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Votes

County Reigns in Horse Trail

Board approves equestrian trail funding.

Catch your nose, Citizens for Property Rights president Jack Shockey said about a proposed equestrian trail near the landfill, playing off the tourism phrase, “Catch Your Breath.”

"These horse people can't find a place to ride a horse," Shockey said at the July 7 Board of Supervisors meeting.

The county landfill Shockey referred to has received several “glowing reports” on its operation and lack of odor, said Supervisor Sally Kurtz (D-Catoctin) in response.

And the county has not spent any funds on equestrian parks and recreation facilities in the past 13 years, Chairman Scott York (R-At large) said.

With that, the Board of Supervisors approved building a trail, entrance and parking lot by way of a public-private partnership between the Department of Parks, Recreation and Community Services and the Loudoun equestrian community. The county’s share will be $55,000 to engineer and construct a standard commercial entrance and parking area at Route 711, or Woods Road, leaving the responsibility of constructing and maintaining the trail to the equestrian community, a project estimated to cost $67,400. The second entrance will separate landfill traffic from equestrian traffic.

Supervisor Eleanore Towe (D-Blue Ridge) asked for a friendly amendment allowing trail work for the Pilot Equestrian Trail Program to begin immediately, instead of waiting for the Virginia Department of Transportation (VDOT) to approve the finished entrance and parking lot. William Bogard (R-Sugarland Run) accepted the amendment, being the one who called the motion.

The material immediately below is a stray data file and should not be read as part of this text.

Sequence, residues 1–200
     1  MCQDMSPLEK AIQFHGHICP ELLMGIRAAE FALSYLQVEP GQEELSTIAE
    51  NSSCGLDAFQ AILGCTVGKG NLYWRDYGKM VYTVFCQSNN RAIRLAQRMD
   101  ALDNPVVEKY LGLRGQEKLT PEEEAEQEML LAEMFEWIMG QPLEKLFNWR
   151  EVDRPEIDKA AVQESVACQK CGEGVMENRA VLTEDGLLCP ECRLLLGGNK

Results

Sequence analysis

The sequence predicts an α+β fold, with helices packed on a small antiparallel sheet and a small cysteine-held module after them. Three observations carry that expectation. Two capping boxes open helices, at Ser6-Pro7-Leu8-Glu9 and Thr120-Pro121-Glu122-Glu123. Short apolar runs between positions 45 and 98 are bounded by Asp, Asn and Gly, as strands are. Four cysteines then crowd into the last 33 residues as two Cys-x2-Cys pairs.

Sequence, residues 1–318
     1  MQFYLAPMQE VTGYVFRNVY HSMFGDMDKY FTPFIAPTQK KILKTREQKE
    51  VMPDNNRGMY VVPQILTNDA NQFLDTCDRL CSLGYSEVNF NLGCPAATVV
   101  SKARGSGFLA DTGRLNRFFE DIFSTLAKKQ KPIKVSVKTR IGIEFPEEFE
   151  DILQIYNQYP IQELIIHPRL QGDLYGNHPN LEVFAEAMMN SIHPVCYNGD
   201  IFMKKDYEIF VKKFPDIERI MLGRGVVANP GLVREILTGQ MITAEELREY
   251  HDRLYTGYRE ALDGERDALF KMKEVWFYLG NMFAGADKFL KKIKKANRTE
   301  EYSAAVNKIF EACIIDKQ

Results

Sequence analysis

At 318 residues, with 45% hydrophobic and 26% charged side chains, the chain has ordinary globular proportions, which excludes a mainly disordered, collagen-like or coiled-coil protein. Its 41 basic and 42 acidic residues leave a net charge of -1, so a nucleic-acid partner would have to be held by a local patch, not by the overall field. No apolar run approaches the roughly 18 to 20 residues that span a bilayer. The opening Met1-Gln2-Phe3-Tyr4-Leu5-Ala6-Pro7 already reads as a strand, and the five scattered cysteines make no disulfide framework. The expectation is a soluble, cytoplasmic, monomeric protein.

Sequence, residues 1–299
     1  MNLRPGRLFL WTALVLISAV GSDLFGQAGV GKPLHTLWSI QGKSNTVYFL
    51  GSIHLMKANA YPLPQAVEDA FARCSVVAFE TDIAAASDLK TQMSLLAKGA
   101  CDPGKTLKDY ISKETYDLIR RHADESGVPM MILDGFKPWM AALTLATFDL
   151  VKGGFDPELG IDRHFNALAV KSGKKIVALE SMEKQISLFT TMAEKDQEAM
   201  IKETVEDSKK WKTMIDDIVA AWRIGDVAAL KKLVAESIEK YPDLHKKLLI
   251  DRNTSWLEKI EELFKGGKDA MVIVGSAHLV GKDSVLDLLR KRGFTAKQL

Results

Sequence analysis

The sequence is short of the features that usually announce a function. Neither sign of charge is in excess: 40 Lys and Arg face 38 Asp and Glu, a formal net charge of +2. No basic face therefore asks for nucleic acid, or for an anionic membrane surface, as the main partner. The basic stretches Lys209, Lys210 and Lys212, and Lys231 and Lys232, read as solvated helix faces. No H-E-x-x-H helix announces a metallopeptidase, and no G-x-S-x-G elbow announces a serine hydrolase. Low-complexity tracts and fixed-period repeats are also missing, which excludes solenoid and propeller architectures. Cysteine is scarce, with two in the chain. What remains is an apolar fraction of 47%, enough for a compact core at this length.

The Pilot Equestrian Trail Program calls for building a trail network using county owned facilities, such as the landfill and Banshee Reeks Park. The portion of the trail that will cross the landfill will extend 3.5 miles on the outer perimeter of the property, starting at Banshee Reeks Park north of Woods Road.

Drew Hiatt (R-Dulles) said the county does not have the resources to complete the project. In response, Charles Harris (D-Broad Run) said the project is “doable” and is a “reasonable use” for the property. “It puts multiple uses to existing facilities,” he said about the trail, which will be accessible for equestrian and hiking uses.

“This is a very, very, very small investment for one of the biggest industries,” York said.

“Our equine industry is a million dollar industry,” Towe said. “It is a viable industry. … Horses have been adding to our coffers for a long time.”

IN OTHER BUSINESS, the Board of Supervisors:

* Approved a $41.9 million bond referendum to fund school and public safety capital projects. The referendum will be divided into two questions on the 2003 ballot for two elementary schools in the Belmont and Leesburg areas for $27.3 million and two fire and sheriff stations in the Brambleton and Lansdowne areas for $14.5 million.

Hiatt asked for four separate questions before the vote was taken. “You got to trust the taxpayers and voters to make decisions.”